WILMINGTON, NC (WECT) - Congressman Mike McIntyre (D) issued a response Friday to a recent back and forth claim over tax increases with his opponent this November.
Wednesday, Republican Congressional Candidate Ilario Pantano started an advertisement on a claim from McIntyre (D) about taxes.
In the first ad that started airing over the weekend, McIntyre claimed Pantano would raise your taxes as much as 23% should he be elected to serve North Carolina's 7th Congressional District. The advertisement lays out how much that would cost you for everything from gas to groceries and housing.
The claim pertains to Pantano's voiced approval for what's called the "Fair Tax." That's a flat 23% tax across the board on what you buy and would replace other taxes in an effort to simplify the federal tax code.
Monday, we checked with UNCW Economist Woody Hall, who says it is possible this tax could raise your taxes depending on how much you plan to spend.
"If your income is below the median. The median is about $45,000 per household in the state of North Carolina -- Southeast North Carolina. It conceivably would raise your tax rate, raise your tax application. That's in the short run," Woody Hall said. "Now there are obviously going to be some exceptions to it in the sense that certain criteria qualify for a reduced tax rate. There are also items that would not be taxed."
Hall says one way to guarantee your tax obligation is lower is to spend less.
Some proponents of the fair tax concept disagree with Hall and McIntyre. They say the tax would be good for everyone because it eliminates all other taxes. It would only tax things you buy and they point out that would include everyone -- even those skipping out on paying taxes now.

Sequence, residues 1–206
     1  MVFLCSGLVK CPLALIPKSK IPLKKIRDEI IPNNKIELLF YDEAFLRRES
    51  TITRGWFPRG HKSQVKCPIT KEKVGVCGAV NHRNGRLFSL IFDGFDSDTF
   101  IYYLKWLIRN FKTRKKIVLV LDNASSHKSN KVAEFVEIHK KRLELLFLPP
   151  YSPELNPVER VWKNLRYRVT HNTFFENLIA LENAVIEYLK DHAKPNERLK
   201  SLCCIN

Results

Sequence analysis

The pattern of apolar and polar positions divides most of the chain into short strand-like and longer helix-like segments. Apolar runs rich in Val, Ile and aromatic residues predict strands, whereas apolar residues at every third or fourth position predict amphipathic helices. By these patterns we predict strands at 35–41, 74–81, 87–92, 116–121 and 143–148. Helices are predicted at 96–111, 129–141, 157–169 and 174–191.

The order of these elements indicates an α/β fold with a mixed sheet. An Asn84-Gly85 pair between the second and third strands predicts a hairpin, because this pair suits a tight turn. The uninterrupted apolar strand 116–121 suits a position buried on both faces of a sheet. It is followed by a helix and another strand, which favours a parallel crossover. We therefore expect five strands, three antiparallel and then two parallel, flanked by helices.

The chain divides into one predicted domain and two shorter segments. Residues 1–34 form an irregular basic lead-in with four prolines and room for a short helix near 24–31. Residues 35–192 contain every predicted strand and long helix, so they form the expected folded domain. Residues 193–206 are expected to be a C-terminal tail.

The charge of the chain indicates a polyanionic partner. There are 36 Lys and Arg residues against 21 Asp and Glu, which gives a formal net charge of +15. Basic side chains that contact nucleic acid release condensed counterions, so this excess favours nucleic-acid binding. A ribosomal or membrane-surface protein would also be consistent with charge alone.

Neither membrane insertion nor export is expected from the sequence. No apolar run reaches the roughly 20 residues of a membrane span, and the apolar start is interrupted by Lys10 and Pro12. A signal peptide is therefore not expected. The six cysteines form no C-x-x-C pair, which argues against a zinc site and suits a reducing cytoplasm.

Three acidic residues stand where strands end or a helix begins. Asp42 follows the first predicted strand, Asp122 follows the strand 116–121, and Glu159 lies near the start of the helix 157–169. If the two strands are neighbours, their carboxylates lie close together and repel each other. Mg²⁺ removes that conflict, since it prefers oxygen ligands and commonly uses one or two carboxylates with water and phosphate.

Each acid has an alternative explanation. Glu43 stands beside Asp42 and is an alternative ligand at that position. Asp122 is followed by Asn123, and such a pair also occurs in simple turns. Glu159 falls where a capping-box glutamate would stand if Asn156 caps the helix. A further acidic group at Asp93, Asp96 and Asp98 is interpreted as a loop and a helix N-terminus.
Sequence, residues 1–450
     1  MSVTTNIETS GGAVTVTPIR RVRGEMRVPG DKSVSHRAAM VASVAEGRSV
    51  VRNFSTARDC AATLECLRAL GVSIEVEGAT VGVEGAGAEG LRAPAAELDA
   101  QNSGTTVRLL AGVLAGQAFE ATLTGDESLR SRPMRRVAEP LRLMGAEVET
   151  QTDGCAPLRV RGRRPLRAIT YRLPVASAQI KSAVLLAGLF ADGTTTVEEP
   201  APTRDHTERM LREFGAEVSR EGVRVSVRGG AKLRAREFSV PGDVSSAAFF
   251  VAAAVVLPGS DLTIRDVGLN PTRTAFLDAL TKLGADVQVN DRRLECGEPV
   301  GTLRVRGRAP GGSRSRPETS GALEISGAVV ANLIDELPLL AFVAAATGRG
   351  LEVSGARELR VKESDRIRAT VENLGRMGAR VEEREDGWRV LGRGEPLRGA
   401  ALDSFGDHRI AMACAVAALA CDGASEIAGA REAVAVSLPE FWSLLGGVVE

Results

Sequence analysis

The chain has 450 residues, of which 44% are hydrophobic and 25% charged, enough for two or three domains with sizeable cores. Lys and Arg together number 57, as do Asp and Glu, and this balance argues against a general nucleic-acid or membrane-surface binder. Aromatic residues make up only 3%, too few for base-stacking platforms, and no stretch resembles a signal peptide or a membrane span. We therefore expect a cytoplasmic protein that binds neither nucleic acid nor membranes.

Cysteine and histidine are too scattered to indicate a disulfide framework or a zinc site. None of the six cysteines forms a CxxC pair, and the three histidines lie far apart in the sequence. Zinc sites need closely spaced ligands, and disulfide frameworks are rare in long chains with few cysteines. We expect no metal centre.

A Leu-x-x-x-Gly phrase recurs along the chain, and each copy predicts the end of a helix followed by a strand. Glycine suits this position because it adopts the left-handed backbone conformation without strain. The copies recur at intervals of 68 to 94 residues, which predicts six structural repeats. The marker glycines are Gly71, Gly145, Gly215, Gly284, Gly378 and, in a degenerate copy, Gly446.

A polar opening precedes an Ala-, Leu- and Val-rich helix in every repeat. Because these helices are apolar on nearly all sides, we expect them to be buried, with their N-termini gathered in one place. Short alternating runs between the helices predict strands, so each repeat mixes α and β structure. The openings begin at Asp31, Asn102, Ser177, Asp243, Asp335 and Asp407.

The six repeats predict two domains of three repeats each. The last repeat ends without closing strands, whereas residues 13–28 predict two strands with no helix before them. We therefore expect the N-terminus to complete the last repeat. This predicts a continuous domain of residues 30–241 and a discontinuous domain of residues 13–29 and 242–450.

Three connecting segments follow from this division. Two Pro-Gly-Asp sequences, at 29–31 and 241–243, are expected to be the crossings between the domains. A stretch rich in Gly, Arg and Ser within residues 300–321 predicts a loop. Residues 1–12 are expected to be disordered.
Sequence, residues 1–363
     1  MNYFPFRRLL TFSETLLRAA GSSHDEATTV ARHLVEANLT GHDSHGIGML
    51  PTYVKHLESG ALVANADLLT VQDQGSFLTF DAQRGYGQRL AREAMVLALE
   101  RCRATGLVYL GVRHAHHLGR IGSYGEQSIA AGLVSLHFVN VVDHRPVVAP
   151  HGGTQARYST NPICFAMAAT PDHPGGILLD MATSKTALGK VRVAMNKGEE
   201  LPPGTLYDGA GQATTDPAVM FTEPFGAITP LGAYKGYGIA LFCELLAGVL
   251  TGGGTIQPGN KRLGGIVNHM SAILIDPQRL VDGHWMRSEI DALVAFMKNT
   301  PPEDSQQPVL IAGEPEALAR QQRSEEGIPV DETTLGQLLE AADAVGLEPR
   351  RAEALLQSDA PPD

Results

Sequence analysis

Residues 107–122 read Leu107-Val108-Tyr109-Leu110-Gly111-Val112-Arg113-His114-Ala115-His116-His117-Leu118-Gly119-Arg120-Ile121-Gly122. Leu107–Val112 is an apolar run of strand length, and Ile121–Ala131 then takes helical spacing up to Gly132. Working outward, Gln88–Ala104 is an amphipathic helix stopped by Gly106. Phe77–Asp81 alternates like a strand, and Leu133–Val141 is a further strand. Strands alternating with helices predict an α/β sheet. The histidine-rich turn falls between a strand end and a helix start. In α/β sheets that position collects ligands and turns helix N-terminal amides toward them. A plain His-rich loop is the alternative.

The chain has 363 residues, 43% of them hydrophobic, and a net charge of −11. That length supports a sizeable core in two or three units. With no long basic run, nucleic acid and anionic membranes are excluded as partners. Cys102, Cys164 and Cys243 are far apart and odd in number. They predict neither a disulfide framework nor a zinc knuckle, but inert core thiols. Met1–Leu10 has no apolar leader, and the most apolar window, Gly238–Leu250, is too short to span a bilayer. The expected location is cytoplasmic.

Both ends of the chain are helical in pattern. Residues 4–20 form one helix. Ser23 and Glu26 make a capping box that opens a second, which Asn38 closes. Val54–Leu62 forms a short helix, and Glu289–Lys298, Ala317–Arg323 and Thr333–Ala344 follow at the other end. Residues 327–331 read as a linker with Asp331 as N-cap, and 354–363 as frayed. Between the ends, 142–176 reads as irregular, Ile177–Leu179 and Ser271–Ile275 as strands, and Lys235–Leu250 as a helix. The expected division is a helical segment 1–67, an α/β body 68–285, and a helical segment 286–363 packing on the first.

According to a FactCheck.org analysis in 2007, "(the fair tax) will collect more money from those earning between $15,000 and $200,000 per year and less from those earning more than $200,000 per year. It is possible that the FairTax would make most people better off, but much of that gain would be a direct result of making the tax code less fair."
Wednesday, Pantano responded to McIntyre's claims with an ad that says he's the victim of a "smear attack." Pantano's ad states McIntyre's statement that this is a 23% sales tax is a "pipe dream." The Pantano campaign says this 23% tax is only added after the elimination of all other taxes, the dismantling of the IRS and the elimination of the estate tax, which some refer to as the death tax. Pantano's camp went on to say McIntyre has voted three times in favor of keeping the estate tax.
McIntyre says Pantano is just wrong.
"We need to do all we can to protect small businesses and family farms, and I am 100% committed to ending the "death" tax! Since my election to Congress, I have consistently supported this repeal. What my opponent does not tell you is that I voted for a motion to eliminate the estate tax during consideration of the estate tax relief bill in 2009. Unfortunately, this motion was defeated. I voted to extend the exemption for the 2009 estate tax for the time being because at that time, the estate tax was to be repealed for one year only. When it became apparent that the repeal of the estate tax was not going to be successful, it was important to maintain the highest exemption possible," Congressman McIntyre stated in a written release.